Are you feeling irritable and tired, and are your breasts tender? Well, you might just be pregnant!
Nature has a strange way of working. You might feel low if you have your usual PMS symptoms and think it means that you haven't conceived, but in fact, there are many similarities between the symptoms of premenstrual syndrome (PMS) and those of early pregnancy. This is because the hormones that cause PMS are raised in pregnancy and so can cause the same symptoms. In addition to this, you might be irritable and emotional even without having PMS, just due to the anxiety of wanting to be pregnant and waiting to see whether or not your period arrives.
While you are in the middle of this storm of hormones and raging emotions it can be difficult to remain calm. Talk to your partner about your emotions and anxieties-just expressing that you're finding things stressful can help you get through this tense time. Alternatively, confide in a female relative or friend, who might be able to relate to how you're feeling.
Frustratingly, at this point it is still a waiting game; all you can do is try to be patient until you take your pregnancy test. If your period was due today-day 28 of your cycle-and hasn't made an appearance, you can take a test as early as today or tomorrow. Good luck!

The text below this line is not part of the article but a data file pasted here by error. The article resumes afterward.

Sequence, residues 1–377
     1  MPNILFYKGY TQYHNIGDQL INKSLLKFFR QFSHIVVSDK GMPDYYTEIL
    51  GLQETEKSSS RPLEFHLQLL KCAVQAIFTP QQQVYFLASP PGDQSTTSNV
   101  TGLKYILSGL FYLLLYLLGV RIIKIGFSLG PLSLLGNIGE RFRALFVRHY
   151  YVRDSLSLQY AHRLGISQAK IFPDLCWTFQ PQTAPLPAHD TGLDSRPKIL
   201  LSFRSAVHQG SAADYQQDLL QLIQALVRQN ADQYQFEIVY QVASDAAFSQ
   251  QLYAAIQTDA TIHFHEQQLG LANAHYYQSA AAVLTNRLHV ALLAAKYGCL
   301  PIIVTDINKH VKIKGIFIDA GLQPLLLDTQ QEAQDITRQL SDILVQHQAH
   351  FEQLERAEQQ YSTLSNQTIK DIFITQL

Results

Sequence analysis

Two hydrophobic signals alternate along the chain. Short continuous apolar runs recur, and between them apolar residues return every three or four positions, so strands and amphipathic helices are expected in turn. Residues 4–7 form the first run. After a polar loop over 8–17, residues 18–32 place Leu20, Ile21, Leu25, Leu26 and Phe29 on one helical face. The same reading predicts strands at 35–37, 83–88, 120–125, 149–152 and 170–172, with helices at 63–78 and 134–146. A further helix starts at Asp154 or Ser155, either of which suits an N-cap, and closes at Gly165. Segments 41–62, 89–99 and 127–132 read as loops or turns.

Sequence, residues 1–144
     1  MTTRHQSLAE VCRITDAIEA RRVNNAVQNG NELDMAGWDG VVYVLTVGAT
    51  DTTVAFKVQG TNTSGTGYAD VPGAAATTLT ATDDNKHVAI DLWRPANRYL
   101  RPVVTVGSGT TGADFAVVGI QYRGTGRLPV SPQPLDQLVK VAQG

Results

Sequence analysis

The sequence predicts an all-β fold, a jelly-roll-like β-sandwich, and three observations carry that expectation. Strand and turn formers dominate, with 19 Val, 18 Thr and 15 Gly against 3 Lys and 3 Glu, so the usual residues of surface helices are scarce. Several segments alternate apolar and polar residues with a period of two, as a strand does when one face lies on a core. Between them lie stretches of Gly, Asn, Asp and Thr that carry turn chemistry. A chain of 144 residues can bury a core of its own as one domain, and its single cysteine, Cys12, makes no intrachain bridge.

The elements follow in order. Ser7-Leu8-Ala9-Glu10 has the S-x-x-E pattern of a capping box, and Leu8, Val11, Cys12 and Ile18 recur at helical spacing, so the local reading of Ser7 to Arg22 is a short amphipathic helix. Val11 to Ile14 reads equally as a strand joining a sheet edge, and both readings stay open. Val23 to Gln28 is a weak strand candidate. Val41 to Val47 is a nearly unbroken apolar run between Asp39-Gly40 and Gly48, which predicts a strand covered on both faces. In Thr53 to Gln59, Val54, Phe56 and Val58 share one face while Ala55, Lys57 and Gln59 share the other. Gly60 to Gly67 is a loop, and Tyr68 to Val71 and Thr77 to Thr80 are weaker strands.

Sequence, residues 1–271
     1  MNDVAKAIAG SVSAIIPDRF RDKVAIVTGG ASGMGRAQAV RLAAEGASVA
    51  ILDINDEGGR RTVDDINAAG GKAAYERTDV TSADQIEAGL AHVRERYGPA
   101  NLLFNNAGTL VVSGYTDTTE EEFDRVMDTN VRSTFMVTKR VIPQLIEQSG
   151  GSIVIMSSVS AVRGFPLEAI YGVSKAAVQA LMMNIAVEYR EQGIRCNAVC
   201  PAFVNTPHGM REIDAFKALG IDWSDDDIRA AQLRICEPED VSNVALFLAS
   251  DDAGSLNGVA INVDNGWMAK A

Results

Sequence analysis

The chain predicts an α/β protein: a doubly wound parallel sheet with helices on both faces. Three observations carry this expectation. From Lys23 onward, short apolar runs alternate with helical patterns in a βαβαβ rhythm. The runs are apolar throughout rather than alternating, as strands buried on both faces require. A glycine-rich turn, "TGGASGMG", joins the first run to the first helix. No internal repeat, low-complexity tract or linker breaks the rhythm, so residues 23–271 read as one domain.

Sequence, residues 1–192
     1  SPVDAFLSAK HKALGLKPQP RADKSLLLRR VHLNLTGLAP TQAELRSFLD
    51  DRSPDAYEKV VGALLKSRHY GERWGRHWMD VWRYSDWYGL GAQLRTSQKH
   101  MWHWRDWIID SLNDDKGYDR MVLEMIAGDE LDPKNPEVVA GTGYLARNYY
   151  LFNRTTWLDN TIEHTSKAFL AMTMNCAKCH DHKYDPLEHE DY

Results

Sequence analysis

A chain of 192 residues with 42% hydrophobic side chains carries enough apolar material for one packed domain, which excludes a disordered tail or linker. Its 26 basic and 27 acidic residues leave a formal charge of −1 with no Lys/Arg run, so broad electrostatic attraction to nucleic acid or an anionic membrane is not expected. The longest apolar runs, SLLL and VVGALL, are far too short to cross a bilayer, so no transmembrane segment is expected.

Focus On... Your body
It's never too early to start Kegel exercises and you'll be glad you did once you become pregnant. The pelvic floor is a broad sling of muscles that stretches between your legs and extends from the pubic bone in front to the spine at the rear. It holds and supports your bladder, uterus, and bowel in place and controls the muscles which hold closed the anus, urethra, and vagina.
Try these simple steps to tone your pelvic floor:
First try to locate your pelvic floor: sit on a chair and close your eyes-now visualize the sling of muscles stretching right across your body holding your uterus and bladder.
Next contract your pelvic floor muscles pulling inward and upward, hold for a count of five, then release. Repeat this exercise at least 10 times a day.
Test: if you're having trouble identifying the muscles, imagine that you are trying to stop the flow of urine; the muscles you feel contracting are those of the pelvic floor.